is bird flu?
Like humans and other
species, birds are susceptible to flu. There are 15 types
of bird, or avian, flu. The most contagious strains, which
are usually fatal in birds, are H5 and H7. There are nine
different types of H5. The nine all take different forms -
some are highly pathogenic, while some are pretty
harmless. The type currently causing concern is the deadly
strain H5N1, which can prove fatal to humans. Migratory
wildfowl, notably wild ducks, are natural carriers of the
viruses, but are unlikely to actually develop an
infection. The risk is that they pass it on to domestic
birds, who are much more susceptible to the virus.
do humans catch bird flu?
Bird flu was thought only to
infect birds until the first human cases were seen in Hong
Kong in 1997. Humans catch the disease through close
contact with live infected birds. Birds excrete the virus
in their faeces, which dry and become pulverised, and are
then inhaled. Symptoms are similar to other types of flu -
fever, malaise, sore throats and coughs. People can also
develop conjunctivitis. Researchers are now concerned
because scientists studying a case in Vietnam found the
virus can affect all parts of the body, not just the
lungs. This could mean that many illnesses, and even
deaths, thought to have been caused by something else, may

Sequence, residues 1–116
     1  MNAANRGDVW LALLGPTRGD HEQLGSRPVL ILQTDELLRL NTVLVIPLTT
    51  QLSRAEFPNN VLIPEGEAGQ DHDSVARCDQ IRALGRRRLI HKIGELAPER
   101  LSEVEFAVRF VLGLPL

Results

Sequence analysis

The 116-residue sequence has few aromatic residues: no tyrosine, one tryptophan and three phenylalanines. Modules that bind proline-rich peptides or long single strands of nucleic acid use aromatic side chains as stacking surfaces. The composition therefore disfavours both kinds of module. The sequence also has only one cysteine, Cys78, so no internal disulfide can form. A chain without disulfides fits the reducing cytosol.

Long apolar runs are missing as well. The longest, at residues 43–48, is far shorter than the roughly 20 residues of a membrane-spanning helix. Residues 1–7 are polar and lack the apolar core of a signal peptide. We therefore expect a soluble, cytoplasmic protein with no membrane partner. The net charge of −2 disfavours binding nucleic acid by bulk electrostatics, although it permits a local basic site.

have been due to the bird flu virus.
it possible to stop bird flu coming into a country?
Because it is carried by
birds, there is no way of preventing its spread. But that
does not mean it will be passed to domestic flocks.
Experts say proper poultry controls - such as preventing
wild birds getting in to poultry houses - which are
present in the UK, should prevent that happening. In
addition, they say monitoring of the migratory patterns of
wild birds should provide early alerts of the arrival of
infected flocks - meaning they could be targeted on
many people have been affected?
As of 27 April 2006, the
World Health Organization (WHO) had confirmed 204 cases of
H5N1 in humans in Azerbaijan, Cambodia, China, Egypt,
Indonesia, Iraq, Thailand, Turkey and Vietnam, leading to
113 deaths. For the latest WHO information on the numbers
of humans infected and killed by avian flu, see related
internet links section on right of page.
quickly is the disease spreading?
After bird flu claimed its
first human victim - a three-year-old boy in Hong Kong in
May 1997 - the disease was not detected again until
February 2003, when a father and son were diagnosed with
H5N1, again in Hong Kong. Since then it has spread
westwards through Asia, the Middle East, Europe and
Africa. Despite mass culls, exclusion zones and other
measures put in place to prevent its spread, the H5N1
virus has continued to travel. In one week in February
2006, Italy, Greece, Bulgaria, Germany, Austria, France,
Slovenia, India, Iran and Egypt confirmed their first
cases of H5N1 in wild birds. In April 2005, a dead swan in
Scotland was found to have the strain.
it can't yet be passed from person to person?
For the most part, humans
have contracted the virus following very close contact
with sick birds. There may have been examples of